5) There aren’t that many formulas that help to simplify things. Even if you have a strong distaste for math, you have to admit that formulas have their uses.  They’re enormously simplifying. For instance, it would be nice if there was a straightforward formula for nucleophilicity, since it’s one of the most important concepts in organic chemistry. Well, sorry – you’re out of luck.  We learn that iodide is more nucleophilic than fluoride, for instance, except when we’re using a polar aprotic solvent, in which case the order is reversed. It’s all these exceptions which tend to lead to frustration. Be prepared – there’s a lot of them!

6) All of these build upon each other, like a pyramid. Just like we have to learn vocabulary and grammar before we can have conversations, we have to learn the vocabulary and conventions before we can make sense of a lot of the facts. Furthermore, it isn’t until we’ve seen a lot of the facts in action that we start to get a handle on the concepts. The course moves very fast. Without a command of the vocabulary and conventions introduced at the beginning of the course, the facts and concepts introduced later on will be much harder to grasp – which will translate into poorer grades.

7) Finally, the sheer complexity generated by all these conventions, facts, and concepts leads to the need to learn a great number of different skills. By skills, I mean applications of all of these types of knowledge toward solving different problems, for example -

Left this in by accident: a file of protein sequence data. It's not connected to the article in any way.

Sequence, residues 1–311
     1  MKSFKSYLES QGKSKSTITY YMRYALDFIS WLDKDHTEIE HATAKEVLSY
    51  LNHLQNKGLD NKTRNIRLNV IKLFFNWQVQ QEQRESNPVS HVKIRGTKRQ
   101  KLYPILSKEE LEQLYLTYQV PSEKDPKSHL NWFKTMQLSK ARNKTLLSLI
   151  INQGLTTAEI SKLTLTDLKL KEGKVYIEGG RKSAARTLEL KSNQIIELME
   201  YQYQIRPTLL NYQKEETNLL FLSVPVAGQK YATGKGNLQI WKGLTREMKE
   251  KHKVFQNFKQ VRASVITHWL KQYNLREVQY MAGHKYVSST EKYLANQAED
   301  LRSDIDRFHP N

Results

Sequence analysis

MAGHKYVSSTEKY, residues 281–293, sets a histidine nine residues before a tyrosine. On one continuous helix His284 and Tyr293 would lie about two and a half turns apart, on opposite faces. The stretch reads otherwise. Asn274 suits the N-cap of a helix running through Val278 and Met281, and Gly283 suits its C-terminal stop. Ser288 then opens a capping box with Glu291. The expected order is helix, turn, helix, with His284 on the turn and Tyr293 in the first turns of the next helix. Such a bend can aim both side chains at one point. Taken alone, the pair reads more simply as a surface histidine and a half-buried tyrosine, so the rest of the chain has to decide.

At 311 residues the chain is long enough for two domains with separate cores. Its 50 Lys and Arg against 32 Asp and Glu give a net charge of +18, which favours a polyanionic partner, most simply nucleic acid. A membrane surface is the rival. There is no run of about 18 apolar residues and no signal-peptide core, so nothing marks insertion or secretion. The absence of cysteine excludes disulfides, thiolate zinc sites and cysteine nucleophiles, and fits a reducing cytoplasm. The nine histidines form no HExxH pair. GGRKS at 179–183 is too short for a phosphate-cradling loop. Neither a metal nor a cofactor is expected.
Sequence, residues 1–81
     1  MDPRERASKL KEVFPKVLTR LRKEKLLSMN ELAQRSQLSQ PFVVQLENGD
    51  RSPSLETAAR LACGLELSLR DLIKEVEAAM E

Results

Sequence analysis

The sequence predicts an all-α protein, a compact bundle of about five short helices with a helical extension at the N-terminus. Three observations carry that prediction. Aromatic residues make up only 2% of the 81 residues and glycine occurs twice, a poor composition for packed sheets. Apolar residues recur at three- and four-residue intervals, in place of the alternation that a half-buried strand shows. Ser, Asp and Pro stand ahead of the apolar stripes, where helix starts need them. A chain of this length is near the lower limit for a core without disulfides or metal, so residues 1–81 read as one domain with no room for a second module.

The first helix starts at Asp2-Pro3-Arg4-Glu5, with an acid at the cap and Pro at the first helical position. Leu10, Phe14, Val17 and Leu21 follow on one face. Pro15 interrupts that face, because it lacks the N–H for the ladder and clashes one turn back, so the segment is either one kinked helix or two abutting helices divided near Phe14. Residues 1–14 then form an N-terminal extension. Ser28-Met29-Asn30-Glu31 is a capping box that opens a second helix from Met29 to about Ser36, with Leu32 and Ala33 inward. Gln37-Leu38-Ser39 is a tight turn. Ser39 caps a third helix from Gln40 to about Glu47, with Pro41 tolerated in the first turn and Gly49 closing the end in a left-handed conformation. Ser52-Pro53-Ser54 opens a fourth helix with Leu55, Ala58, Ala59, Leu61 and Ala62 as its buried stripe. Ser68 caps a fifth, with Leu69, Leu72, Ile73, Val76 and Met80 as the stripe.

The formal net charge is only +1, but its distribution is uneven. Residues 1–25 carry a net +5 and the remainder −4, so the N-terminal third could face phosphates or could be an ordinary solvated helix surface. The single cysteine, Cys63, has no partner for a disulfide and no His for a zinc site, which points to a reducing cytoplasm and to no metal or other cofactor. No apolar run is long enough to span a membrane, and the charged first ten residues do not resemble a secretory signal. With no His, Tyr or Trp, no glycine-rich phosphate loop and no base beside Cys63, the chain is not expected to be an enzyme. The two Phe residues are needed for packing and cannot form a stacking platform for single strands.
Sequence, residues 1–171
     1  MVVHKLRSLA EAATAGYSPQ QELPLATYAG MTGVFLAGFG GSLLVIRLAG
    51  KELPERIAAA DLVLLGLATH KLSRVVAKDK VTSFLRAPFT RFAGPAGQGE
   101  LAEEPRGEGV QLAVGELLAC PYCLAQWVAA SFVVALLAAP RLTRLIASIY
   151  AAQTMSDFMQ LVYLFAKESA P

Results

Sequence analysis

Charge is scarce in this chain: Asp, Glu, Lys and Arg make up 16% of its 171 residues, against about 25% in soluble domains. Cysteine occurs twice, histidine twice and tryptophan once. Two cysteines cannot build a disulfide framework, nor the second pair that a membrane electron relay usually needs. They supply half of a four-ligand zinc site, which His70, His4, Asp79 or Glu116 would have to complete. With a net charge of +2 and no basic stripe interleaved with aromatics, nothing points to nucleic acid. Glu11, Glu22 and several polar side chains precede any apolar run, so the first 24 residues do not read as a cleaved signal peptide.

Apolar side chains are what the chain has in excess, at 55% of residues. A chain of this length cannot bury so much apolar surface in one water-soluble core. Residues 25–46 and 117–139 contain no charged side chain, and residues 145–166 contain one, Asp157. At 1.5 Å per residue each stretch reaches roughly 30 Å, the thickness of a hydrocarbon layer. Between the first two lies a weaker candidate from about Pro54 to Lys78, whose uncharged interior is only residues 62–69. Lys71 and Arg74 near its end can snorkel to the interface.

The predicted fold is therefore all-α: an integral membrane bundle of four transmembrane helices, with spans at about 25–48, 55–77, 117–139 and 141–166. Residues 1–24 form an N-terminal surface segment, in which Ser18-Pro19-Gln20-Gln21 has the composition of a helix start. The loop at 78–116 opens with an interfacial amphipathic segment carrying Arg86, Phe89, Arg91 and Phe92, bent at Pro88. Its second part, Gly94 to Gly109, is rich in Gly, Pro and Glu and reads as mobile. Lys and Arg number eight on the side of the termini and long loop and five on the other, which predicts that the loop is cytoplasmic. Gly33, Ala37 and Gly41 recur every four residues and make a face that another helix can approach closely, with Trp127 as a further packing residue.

• naming organic compounds
  • predicting products of a chemical reaction
  • determining the structure of a compound given spectral data
  • planning the synthesis of small molecules

Is there any other course like it? Probably not. Organic chemistry is in the middle ground between a fact-heavy course like biology and a highly quantitative course like physics. So you end up getting the worst of both worlds, as far as course difficulty is concerned. It’s a course that tests our memory as well as forcing us to think. And we haven’t even mentioned the labs yet, which add a whole other practical dimension to the course. Can you think of another field of study which involves so much 1) book learning 2) making decisions based on thinking through conflicting data, and 3) working with one’s hands? I can.

The good news is that you’ve already learned something that’s even more difficult than undergraduate organic chemistry. The fact that you’re reading this means you’ve already learned English. Think about how tough English is – the huge vocabulary, all the colloquialisms,  the weird grammar that follows no clear rules, the myriad exceptions to all the rules – English drives people nuts. Being able to read, write, and speak well in English is (in my opinion, of course) a more difficult task than learning organic chemistry. It doesn’t take a genius to learn English – but it does take motivation, time, discipline, and a lot of grunt work.

In spite of everything, success in organic chemistry is a very achievable goal. It is within the average student’s power to do well in organic chemistry, given  1) motivation, 2) sufficient time, and 3) effective study strategies.

Stay tuned.